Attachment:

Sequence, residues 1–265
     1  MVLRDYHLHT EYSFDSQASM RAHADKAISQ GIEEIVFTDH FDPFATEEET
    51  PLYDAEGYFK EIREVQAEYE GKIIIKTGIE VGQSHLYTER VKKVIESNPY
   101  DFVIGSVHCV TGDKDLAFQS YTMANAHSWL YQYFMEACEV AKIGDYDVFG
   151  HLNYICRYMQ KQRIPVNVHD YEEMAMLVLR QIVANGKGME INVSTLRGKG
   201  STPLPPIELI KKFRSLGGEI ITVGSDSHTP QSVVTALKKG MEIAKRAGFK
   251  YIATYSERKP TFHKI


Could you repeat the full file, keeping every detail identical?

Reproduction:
Sequence, residues 1–265
     1  MVLRDYHLHT EYSFDSQASM RAHADKAISQ GIEEIVFTDH FDPFATEEET
    51  PLYDAEGYFK EIREVQAEYE GKIIIKTGIE VGQSHLYTER VKKVIESNPY
   101  DFVIGSVHCV TGDKDLAFQS YTMANAHSWL YQYFMEACEV AKIGDYDVFG
   151  HLNYICRYMQ KQRIPVNVHD YEEMAMLVLR QIVANGKGME INVSTLRGKG
   201  STPLPPIELI KKFRSLGGEI ITVGSDSHTP QSVVTALKKG MEIAKRAGFK
   251  YIATYSERKP TFHKI